Quaking Aspen Campground Excavation
Sequoia National Forest, California, 1997
by Steven M. Ptomey, Archaeologist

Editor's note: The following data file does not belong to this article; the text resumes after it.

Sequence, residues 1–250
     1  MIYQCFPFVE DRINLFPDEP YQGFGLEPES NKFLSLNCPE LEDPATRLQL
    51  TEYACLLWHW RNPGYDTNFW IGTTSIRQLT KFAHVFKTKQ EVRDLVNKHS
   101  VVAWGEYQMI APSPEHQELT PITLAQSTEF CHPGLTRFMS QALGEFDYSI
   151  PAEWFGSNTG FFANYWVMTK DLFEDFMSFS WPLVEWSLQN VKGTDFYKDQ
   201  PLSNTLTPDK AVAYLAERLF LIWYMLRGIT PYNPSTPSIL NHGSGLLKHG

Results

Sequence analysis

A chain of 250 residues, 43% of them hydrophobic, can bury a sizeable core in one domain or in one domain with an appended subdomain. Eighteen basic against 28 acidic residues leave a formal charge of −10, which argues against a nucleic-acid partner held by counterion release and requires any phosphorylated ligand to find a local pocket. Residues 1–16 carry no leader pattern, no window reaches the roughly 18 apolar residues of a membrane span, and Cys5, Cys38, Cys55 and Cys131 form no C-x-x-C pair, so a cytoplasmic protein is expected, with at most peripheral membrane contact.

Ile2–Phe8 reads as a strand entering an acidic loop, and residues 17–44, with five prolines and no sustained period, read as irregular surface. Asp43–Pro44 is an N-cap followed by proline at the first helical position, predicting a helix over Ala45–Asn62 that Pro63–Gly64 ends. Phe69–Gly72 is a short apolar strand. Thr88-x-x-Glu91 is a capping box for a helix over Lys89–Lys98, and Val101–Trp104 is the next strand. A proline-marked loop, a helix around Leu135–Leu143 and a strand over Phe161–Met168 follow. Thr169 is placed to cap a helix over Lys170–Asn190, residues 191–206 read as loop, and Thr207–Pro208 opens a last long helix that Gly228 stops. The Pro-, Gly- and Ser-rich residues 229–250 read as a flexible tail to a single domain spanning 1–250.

Perfect 70° weather and a picturesque mountain meadow greeted 24 PIT volunteers for the Quaking Aspen Campground Excavation project. Participants ranged in age from 18 to 80 and traveled from locations as far away as Australia and Des Moines, Iowa. Part of the first day was spent training the participants in excavation methods, mapping, documentation procedures, and other “how to’s” of archaeology. After a short training period the “crew” was eager to get to work. They soon found that archaeology is really a dusty, dirty, and physically demanding job—not at all what Hollywood has depicted in recent years. “Dirt is our friend” soon became the crew’s motto, because by the end of the first day, they were covered from head to toe with a fine layer of grit and grime. By the end of the two days they had completed 12 1-m2 test units to an average depth of 40 cm. Only flaked debitage was found, and the crew learned that negative data are also important. Fourteen volunteers from Porterville City College also participated in the excavation as part of an introductory archaeology class.